Dear Tony Abbott, it's time to pivot.

Where should the money go: to the PPL scheme, or childcare?


The Abbott government has finally reached a fork in the road on their new “signature” paid parental leave scheme.

They can either take the super highway of turning a mistake into a win for families by dropping the scheme and redirecting the $5 billion to boost our childcare system.

Or they can struggle down the bumpy, dusty, unpredictable, bush-bashing dirt track and try to crash their PPL legislation through the Parliament to what will end in a sure defeat.

From every mistake lies an opportunity.

It is politics 101.  It’s an old truth that it’s never the mistake that gets you into real trouble – it’s how you handle the aftermath.

That is why political strategists always search for the glimmer of hope in every shit sandwich.  How can I turn this into a win? How can I transform this train wreck into a poll bounce?  Mistakes happen. It is the clean up that counts.

It has never been more important for the federal government to put more money into childcare with the Productivity Commission undertaking a massive review of the early learning system right now.

Will Tony Abbott try to crash the PPL scheme through Parliament?

They have been directed by the Government to only make recommendations within the current funding envelope. It is critical for you to know at this point that the entire budget for childcare per year is currently only $1 billion more than the entire cost of the Abbott Government PPL scheme per year.

With such a limited scope to make recommendations it is really no surprise that the first draft from the PC recommends cuts to the quality of care for our kids in childcare centres and cuts to the child care rebate for parents.

For example, they’ve suggested lowering the qualification levels of educators that look after children under the age of three. This is contrary to the evidence from neurologists and child health experts that the most critical time for brain development for a human being is between the ages of zero to five.

We should not be reducing the qualification levels of the people that are educating our children to save money.

Further, the PC suggests averaging out the ratios of the number of educators to children required over the working week. This would mean safe and adequate ratios would be in place in centres at SOME times of the day not ALL times of the day.  But how do you know when a child will become sick, or choke, or try to propel themselves out of a high chair? That can happen at any time of day because kids are unpredictable.

Reducing child to educator ratios also means ours kids would get less one on one attention. The ratios that are currently legislated ensure child safety and quality of care is paramount. Parents do not want to see them reduced to save money.


One million Australian families use the childcare system every year. Childcare benefits each child in a family for up to five years.  In contrast the new PPL scheme would benefit approximately 160 000 families a year for a six month period.

There is little doubt the best use of taxpayer funds is to invest in childcare.  That is why the PC inquiry and the National Commission of Audit recently made this recommendation to the Government and suggested severely paring back the PPL scheme.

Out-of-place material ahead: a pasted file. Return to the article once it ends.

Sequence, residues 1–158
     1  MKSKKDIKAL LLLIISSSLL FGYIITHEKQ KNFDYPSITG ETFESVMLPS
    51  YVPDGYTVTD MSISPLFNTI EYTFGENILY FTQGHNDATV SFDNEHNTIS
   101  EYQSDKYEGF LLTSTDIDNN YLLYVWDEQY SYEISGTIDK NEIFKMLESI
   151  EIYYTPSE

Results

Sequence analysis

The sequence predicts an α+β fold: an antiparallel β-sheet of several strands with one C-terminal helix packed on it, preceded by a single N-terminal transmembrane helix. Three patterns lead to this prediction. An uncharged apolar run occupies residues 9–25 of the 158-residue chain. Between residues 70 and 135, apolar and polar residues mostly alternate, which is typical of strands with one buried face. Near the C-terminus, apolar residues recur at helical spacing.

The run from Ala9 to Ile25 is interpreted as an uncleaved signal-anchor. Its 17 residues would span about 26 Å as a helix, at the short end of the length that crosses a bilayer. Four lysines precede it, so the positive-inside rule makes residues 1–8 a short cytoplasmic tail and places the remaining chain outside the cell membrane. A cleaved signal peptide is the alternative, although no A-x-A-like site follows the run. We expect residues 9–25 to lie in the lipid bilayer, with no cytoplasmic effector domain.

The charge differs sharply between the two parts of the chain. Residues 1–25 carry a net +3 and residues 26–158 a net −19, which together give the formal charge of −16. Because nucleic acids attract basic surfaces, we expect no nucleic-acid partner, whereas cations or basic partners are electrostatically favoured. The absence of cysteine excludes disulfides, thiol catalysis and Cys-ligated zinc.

Writer and mother of three, Fiona Sugden.

We know businesses agree the greatest barrier to women returning to work is gaining access to quality childcare. Outgoing NAB CEO Cameron Clyne said recently the levy his bank would pay for the Abbott Government PPL scheme would be better spent on childcare.

We know influential organisations such as the Business Council of Australia, the Australian Industry Group and the Australian Chamber of Commerce and Industry have called for it to be scrapped for the same reason.

Parents have also made it clear they place a very high value on quality childcare. When asked in a recent Parenthood national survey what the three most important things were to them when choosing childcare, parents ranked quality of the education program, qualification level of educators and affordability as the highest.

And recently a national Parenthood survey found 97% of parents would prefer the money on the new PPL scheme was instead invested in kindergarten and pre-school.

So, businesses don’t want it and don’t want to pay for it.  Parents are very unsure about it.  The independent PC inquiry and National Commission of Audit want it slashed and the Government’s own members of parliament and new Senate won’t pass it.

Further, to try and sell this scheme to the community right now is a complete nightmare in the context of the other broader government cuts underway.

The truth is this scheme failed before it started.  It is now time to recognise this and turn it into a win for Australian families and their children.

The Prime Minister making this great announcement would enable the PC inquiry to make recommendations that include much more financial investment and help to offer our children the best start in life.

If you are interested in joining The Parenthood’s quality not cuts campaign for childcare then visit

Fiona Sugden is Executive Director of The Parenthood, a not for profit national advocacy body that aims to be a voice for all parents in business in government. Before this, Fiona was Press Secretary to former Prime Minister Rudd and is currently a media consultant and Mum in Brisbane. You can follow her on Twitter @FiSugden.

Do you think Tony Abbot should scrap the paid parental leave scheme, and increase funding to childcare instead?